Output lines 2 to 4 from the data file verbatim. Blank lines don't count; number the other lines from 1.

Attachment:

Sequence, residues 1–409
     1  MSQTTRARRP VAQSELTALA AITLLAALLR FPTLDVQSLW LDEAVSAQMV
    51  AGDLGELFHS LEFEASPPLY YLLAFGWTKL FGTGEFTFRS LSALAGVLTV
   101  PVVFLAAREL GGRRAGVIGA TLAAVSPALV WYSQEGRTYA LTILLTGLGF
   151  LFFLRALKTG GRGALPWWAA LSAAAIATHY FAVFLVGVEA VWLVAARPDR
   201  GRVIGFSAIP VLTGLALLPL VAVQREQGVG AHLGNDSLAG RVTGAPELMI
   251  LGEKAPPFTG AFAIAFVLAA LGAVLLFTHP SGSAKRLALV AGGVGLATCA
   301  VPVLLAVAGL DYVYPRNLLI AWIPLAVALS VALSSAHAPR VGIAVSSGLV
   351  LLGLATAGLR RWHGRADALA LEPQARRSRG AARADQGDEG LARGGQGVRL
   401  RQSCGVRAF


     1  MSQTTRARRP VAQSELTALA AITLLAALLR FPTLDVQSLW LDEAVSAQMV
    51  AGDLGELFHS LEFEASPPLY YLLAFGWTKL FGTGEFTFRS LSALAGVLTV
   101  PVVFLAAREL GGRRAGVIGA TLAAVSPALV WYSQEGRTYA LTILLTGLGF